As many as 75 sites that could potentially be designated as a geopark - nationally protected areas housing heritage sites of geological importance - have been identified in the 200-million-year Kutch rift basin.
The details of these geosites, discovered by the geologists of Kutch University over the 20 years, have been recently published in the reputed journal of ‘The European Association for Conservation of Geological Heritage.’ “This basin is a natural museum of geology. Some geosites even date back to the Jurassic Age. If declared a geopark, it will also help in the socio-economic development of the locals as they will become tourist spots,” said MG Thakkar, head of department, earth and environment science, Kutch university.
The 75 sites are grouped under nine geo stations which can be declared as India’s first geopark which covers Lakhpat Fort, Mata Na Madh, Dholavira, Mandvi Beach, Bhujiya Hill, Gangeshwar Temple, Gadhsisa bauxite field among others.
The United Nations Educational Scientific and Cultural Organization has started recognizing geoparks across the world under its UNESCO Global Geopark programme with an objective of giving due recognition to these sites which can be an important source of study and research as well as preservation.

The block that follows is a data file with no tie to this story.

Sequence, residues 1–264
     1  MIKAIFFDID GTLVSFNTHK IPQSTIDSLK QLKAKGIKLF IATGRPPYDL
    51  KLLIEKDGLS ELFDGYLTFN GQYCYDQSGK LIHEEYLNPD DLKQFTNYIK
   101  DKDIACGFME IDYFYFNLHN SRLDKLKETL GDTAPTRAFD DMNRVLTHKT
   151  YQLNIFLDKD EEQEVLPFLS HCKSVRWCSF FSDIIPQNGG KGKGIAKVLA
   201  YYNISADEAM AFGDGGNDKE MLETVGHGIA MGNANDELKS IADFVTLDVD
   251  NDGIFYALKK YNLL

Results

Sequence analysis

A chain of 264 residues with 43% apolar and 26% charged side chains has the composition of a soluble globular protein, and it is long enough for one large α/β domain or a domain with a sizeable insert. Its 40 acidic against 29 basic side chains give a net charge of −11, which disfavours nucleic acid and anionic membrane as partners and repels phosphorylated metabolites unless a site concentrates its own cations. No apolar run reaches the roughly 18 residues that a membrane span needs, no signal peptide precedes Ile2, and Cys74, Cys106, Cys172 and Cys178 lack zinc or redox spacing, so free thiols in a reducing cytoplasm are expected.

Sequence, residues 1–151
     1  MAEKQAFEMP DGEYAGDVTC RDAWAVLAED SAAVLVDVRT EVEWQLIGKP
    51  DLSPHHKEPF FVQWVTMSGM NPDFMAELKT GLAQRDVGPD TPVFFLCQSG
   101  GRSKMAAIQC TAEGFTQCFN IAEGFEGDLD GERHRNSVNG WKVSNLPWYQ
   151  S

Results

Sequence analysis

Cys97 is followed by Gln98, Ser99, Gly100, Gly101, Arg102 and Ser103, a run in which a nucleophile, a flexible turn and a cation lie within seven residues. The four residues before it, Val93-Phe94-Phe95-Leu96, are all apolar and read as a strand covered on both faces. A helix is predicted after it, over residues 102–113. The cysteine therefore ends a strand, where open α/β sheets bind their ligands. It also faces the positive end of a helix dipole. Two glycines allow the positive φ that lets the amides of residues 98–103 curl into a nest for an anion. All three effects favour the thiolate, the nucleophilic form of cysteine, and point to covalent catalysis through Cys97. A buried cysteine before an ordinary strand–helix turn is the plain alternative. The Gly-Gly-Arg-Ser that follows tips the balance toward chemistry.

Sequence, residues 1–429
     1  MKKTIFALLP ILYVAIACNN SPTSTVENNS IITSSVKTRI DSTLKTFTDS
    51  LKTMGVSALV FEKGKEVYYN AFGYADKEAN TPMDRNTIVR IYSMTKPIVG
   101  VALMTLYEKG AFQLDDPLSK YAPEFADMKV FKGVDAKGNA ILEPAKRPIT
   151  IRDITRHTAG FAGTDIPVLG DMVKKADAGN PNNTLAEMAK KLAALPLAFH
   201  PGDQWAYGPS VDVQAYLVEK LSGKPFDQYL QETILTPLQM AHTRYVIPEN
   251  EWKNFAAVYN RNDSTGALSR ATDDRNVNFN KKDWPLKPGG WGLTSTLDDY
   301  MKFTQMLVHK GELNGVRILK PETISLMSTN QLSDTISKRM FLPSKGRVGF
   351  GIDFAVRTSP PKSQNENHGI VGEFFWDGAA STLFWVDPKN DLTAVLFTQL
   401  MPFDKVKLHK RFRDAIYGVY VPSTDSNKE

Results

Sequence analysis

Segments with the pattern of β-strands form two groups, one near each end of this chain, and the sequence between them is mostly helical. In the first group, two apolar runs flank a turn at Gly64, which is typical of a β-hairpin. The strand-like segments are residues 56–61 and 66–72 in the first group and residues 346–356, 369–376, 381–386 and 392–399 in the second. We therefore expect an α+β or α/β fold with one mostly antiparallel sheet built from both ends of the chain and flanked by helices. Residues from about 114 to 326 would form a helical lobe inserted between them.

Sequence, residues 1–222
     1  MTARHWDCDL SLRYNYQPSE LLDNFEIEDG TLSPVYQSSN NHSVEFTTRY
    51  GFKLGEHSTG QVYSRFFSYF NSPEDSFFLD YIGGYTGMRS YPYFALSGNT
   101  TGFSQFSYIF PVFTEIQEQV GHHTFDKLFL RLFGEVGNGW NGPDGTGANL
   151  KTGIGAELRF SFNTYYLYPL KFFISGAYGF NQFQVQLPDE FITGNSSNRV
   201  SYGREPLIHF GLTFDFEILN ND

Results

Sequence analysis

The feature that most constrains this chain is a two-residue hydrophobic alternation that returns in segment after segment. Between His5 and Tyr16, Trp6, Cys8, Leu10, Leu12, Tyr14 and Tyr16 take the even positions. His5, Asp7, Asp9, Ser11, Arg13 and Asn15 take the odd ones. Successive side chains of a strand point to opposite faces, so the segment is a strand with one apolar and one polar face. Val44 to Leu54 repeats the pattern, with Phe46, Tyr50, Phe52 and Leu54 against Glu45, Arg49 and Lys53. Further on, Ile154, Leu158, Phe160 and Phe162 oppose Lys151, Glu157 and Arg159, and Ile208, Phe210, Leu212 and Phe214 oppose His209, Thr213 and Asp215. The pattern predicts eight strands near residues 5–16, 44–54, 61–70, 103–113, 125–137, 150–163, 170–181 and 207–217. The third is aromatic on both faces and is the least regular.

The Geological Survey of India has identified 26 geosites across the country to be developed as geoparks but not a single from Kutch figures in the list.
The paper emphasizes that the Kutch basin merits a place amongst the important geoheritage sites of the world. It It has been authored by Gaurav Chauhan, SK Biswas, M G Thakkar and Kevin N. Page of department of earth and environment sciences and Camborne School of Mines, University of Exeter, Penryn, the UK Co-author S K Biswas added, “The purpose of this study is to create awareness among central and state authorities about the need to protect natural geological sites and monuments for future generations.